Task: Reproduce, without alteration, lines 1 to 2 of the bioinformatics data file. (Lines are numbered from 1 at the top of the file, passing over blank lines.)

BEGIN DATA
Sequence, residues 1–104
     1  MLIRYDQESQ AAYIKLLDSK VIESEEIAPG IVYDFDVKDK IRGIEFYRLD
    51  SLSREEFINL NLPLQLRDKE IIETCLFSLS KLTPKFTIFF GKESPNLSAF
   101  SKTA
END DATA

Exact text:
Sequence, residues 1–104
     1  MLIRYDQESQ AAYIKLLDSK VIESEEIAPG IVYDFDVKDK IRGIEFYRLD